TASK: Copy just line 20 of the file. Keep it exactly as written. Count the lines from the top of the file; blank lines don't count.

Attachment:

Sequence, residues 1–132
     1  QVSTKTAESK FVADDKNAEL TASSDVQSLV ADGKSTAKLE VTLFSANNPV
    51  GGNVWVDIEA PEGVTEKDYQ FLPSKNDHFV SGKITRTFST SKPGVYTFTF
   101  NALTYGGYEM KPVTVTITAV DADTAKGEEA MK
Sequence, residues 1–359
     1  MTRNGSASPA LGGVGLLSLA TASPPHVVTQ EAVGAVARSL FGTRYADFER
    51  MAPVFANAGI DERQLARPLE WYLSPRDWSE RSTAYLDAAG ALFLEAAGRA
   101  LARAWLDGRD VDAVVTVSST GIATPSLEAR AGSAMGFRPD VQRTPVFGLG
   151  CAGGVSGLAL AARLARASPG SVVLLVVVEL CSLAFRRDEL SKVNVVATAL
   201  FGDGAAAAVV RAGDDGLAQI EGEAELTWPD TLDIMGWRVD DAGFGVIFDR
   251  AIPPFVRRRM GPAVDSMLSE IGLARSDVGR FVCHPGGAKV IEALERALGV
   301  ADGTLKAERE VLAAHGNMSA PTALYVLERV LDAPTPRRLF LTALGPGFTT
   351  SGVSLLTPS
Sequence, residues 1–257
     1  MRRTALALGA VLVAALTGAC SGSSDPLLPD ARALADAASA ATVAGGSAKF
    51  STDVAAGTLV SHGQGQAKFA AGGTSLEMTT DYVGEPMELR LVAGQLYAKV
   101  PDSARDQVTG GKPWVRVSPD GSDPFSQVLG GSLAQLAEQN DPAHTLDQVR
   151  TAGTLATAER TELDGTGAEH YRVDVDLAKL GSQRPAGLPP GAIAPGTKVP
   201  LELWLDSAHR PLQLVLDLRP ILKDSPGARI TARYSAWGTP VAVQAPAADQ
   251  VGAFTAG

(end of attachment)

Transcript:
   251  VGAFTAG